A reading for today, Good Friday, but also for people who are sick and dying.
The author of this letter has introduced Jesus as High Priest, not so much in the Catholic sense, but in the Jewish tradition, someone who stands for us and speaks for us in God’s presence. Jesus was with us in the flesh, and his unique perspective can give us hope in our trials. On Good Friday he endured the greatest of these, as we read:
Brothers and sisters:
Since we have a great high priest
who has passed through the heavens,
Jesus, the Son of God,
let us hold fast to our confession.
For we do not have a high priest
who is unable to sympathize with our weaknesses,
but one who has similarly been tested in every way,
yet without sin.
So let us confidently approach the throne of grace
to receive mercy and to find grace for timely help.
The narrative in the Lectionary skips several verses. (Maybe a good time to meditate on God’s mercy.) Then we are reminded of the role of Jesus as intercessor extraordinaire:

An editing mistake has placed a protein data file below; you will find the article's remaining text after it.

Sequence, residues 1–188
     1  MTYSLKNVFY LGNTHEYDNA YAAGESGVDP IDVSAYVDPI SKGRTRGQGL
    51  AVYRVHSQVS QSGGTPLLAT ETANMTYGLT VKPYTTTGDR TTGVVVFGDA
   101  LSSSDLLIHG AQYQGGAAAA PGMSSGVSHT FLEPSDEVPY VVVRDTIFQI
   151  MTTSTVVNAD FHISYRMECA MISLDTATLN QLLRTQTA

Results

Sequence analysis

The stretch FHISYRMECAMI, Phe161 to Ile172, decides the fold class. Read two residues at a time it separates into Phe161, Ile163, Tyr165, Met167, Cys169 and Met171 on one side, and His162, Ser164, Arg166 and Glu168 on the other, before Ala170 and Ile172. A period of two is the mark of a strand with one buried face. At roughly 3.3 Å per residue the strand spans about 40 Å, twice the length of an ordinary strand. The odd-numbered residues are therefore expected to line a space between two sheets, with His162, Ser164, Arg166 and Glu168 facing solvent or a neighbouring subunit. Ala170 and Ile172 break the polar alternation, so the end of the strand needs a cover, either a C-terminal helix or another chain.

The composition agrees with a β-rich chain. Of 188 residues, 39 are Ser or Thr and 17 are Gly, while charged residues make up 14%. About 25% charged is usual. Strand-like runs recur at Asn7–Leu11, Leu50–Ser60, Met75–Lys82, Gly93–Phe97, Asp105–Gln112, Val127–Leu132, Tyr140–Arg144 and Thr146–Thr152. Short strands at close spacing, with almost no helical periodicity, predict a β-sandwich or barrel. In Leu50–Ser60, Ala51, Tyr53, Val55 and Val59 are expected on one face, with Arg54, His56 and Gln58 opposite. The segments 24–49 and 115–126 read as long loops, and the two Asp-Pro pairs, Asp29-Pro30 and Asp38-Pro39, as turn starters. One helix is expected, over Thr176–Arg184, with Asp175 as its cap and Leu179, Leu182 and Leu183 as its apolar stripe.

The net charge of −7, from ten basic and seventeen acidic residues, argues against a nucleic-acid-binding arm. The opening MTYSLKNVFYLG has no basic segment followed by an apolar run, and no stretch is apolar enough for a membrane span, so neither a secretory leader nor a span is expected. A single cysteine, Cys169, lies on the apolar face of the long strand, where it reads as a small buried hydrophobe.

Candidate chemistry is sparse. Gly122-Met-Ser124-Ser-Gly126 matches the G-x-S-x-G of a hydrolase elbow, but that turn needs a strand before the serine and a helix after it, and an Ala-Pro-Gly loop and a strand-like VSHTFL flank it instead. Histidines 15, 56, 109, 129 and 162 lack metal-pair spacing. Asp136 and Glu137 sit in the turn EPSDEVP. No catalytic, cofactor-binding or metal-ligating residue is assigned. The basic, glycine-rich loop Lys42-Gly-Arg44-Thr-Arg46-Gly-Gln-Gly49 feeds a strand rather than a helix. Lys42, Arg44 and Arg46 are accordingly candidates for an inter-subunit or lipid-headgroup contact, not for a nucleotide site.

In the days when Christ was in the flesh,
he offered prayers and supplications with loud cries and tears
to the one who was able to save him from death,
and he was heard because of his reverence.
Son though he was, he learned obedience from what he suffered;
and when he was made perfect,
he became the source of eternal salvation for all who obey him.
His whole public ministry was about mercy. His Passion included intervals of mercy; remember he did not want sin to be held against us, he petitioned his Father to forgive us for not fully realizing what we do.
Good Friday is a difficult time. As are the depths of a serious illness. Some people have suffered greatly far longer than three hours or a single day. Excruciating infirmity can last years. And sometimes, we can only hope, and pray that God hears us.
For an in-depth treatment of the Pastoral Care rites, check this page that outlines our examination from a decade ago.